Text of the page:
2017 was a challenging year for quality. Many manufacturers had to evolve their quality management system due to changes in standards and compliance requirements, providing an opportunity to rethink processes, organizations, and leadership support.
There is a continued focus on process harmonization and common competency development. Mergers and acquisitions (M&A) have accelerated in many industries over recent years. This M&A activity often fragments quality management processes, competencies, and data. LNS has identified that the market continues to make progress in flexibly unifying operations. However, there is much progress still needed in this area. LNS data recognizes that 43% of manufacturers have no processes harmonized, and the median harmonization of any given process is 7% across the market (n=280, 2017 data). Non-conformances (NC)/corrective and preventive actions (CAPA) is the most commonly harmonized process at 22% of all respondents.
Manufacturers also continued their quality technology journey. Much of the market continues to limp by with electronic documents and spreadsheets, so for many, a critical step in this journey is adopting enterprise quality management software (EQMS) to centralize quality data. EQMS adoption can take as it is adopted by groups of processes. When done appropriately, EQMS adoption requires consensus on new harmonized methods. As LNS projected in 2016, the market has rapidly shifted its EQMS adoption to Cloud with 66% of the market planning to choose a Cloud-based EQMS in 2017.
Those that have already adopted EQMS have begun their move to Quality 4.0 by leveraging new types of data such as signal data from manufacturing equipment and connected products, combined with new analytics such as machine learning. These leaders have built initiatives like zero defect, smart manufacturing, and connected products.
Top Quality Trends in 2018
Quality 4.0 Accelerating
What are your company’s plans for IIoT? Quality 4.0 is the application of industrial internet of things (IIoT) technologies to quality and is a top use case for IIoT. LNS has been tracking market’s plans for IIoT since 2014, and the market has shifted dramatically. For those that are still investigating or don't know, IIoT has shrunk from 79% in 2014 to 50% in 2016 and stands at 38% today. Most have either started or plan to begin an IIoT initiative. This change in market has been spurred in part by the growing quantity of IIoT success stories, as well as increasingly mature and easy to deploy solutions.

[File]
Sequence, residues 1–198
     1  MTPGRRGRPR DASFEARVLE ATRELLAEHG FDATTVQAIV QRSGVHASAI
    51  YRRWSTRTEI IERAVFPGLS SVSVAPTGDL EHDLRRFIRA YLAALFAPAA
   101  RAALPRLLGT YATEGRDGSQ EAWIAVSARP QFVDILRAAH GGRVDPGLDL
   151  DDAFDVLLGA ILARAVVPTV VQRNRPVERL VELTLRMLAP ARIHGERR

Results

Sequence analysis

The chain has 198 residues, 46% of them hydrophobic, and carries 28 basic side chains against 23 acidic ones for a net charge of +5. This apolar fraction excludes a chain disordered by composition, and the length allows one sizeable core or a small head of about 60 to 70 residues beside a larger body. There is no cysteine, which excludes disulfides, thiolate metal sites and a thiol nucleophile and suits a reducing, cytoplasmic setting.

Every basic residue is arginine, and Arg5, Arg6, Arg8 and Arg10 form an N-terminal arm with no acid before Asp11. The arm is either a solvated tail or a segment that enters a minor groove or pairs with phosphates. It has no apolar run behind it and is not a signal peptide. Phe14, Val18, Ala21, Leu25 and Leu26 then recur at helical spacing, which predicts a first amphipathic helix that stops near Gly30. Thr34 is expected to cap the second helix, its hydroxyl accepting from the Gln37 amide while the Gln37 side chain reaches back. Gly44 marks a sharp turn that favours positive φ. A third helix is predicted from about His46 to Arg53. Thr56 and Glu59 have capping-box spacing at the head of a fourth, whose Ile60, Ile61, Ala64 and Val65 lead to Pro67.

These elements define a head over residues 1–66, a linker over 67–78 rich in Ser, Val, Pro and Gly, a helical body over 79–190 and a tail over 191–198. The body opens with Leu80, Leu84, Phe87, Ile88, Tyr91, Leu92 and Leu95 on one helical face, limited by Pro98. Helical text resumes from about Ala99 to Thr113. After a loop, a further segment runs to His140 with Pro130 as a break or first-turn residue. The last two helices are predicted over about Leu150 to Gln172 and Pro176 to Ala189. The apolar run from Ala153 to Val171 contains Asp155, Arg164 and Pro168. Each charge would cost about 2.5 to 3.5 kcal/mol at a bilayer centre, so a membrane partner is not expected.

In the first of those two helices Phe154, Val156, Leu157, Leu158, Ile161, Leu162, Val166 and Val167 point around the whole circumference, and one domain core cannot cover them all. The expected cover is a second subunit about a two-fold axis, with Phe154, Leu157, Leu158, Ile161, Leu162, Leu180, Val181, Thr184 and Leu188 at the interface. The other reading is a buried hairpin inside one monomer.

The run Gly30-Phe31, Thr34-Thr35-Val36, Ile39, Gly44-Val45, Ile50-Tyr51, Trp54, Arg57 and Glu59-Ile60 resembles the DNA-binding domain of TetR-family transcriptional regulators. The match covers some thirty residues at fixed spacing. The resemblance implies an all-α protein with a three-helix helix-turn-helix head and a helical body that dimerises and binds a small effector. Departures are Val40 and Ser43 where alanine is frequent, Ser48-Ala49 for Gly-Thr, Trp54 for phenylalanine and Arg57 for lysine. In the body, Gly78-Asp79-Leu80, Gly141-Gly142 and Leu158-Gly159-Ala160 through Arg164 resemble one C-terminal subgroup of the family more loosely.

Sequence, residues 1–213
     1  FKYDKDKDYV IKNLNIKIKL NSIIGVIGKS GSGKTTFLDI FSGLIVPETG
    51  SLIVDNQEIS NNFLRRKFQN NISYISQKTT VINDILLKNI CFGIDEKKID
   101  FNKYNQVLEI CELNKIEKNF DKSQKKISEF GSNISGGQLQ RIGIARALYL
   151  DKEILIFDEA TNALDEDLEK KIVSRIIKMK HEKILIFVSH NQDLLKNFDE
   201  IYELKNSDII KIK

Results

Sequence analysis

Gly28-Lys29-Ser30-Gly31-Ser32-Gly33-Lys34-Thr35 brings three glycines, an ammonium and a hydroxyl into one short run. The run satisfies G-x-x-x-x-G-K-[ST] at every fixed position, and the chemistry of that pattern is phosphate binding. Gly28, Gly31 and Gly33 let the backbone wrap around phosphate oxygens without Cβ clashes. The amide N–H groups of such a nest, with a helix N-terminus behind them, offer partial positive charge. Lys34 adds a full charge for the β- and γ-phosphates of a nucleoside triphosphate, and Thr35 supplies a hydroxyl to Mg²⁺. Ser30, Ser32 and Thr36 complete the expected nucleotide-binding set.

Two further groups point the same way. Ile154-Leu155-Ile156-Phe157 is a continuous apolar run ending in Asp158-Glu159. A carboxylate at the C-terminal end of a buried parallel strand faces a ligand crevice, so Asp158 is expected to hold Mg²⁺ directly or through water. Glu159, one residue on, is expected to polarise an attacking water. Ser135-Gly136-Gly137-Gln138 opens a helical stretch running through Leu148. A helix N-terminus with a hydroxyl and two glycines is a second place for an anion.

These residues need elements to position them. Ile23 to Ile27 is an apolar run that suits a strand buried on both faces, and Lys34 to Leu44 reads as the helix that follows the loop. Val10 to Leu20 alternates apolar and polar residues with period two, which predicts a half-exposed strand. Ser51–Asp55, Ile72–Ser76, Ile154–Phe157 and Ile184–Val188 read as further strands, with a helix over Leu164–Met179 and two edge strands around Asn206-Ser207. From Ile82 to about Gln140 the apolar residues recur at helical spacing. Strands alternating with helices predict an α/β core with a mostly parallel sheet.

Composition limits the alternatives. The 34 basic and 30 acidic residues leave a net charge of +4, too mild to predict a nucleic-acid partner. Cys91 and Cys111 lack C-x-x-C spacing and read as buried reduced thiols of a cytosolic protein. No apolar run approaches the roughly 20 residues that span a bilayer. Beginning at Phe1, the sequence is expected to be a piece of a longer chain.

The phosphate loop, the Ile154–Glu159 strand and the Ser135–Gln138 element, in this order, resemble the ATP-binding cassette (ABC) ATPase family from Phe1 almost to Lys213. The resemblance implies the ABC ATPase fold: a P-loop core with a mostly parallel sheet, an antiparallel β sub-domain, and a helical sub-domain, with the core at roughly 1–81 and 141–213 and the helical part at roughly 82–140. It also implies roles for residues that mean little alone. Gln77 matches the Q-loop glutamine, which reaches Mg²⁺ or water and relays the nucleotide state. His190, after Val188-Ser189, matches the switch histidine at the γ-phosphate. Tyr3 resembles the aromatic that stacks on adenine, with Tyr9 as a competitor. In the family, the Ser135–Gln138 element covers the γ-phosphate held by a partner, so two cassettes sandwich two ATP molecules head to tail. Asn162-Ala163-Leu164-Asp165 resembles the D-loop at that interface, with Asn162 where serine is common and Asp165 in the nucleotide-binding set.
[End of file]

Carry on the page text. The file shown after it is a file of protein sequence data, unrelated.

LNS’s anecdotal fully supports this shift. Recently, there has been a substantial acceleration in IIoT business cases centered on approaches such as smart manufacturing and Digital Twin. Quality initiatives such as zero defect build upon these IIoT approaches to add substantial operational and financial benefits.
How does zero defect build upon smart manufacturing and Digital Twin? Let’s assume that a manufacturer has quality data (as compared to quality documents) in an EQMS. This quality data can then be combined with data such as inspection results, data from manufacturing execution systems (MES)/manufacturing operations management (MOM), warranty data, and sensor data from smart manufacturing. This new data continuum can identify products, batches or processes that pass quality checks but still result in in-service failure. Over time, it can permit real-time identification of failures that were previously undetectable like, can certain vibration levels measured in manufacturing equipment correlate to higher warranty failures?
Manufacturers Gain Traction with Supplier Quality Management (SQM)
Our research shows that SQM is one of the most critical areas for corporate success, but one of the least mature. Even organizations that have invested heavily in SQM competencies and processes have yet to convert SQM into automated, data-driven processes. In fact, only 21% of the market has adopted technology to automate SQM.
Expect this scenario to change this year. In the coming 12 months, 25% of manufacturers plan to automate SQM with software, 31% of the market plans to improve data-driven decision-making by gaining real-time visibility into supplier quality metrics, and 19% plan to enhance risk-based supplier quality audits.
New Product Introduction (NPI) Becomes More Collaborative
Today’s manufacturers face pressures like increasing product complexity, changing global markets, demanding regulatory bodies, shifting workforce needs, and complex value chains, all the while the release cycles shrink, and M&A continue to fragment the quality management processes. While late cycle compromises can always be damaging, the risks have never been higher. Today’s business customer has unprecedented visibility and analytics, and consumers share experiences, often very positive or negative on social media and internet marketplaces.
The market is responding to these challenges, and LNS sees accelerated plans for EQMS adoption in 2018. 19% of the market plans to deploy cross-functional quality processes and teams across design, manufacturing, and service. The market has similar plans to provide real-time visibility of quality metrics in engineering.
Tags: Quality 4.0, New Product Introduction (NPI), Industry 4.0 / Smart Manufacturing, Industrial Internet of Things (IIoT), Supplier Quality Management (SQM), Enterprise Quality Management System (EQMS)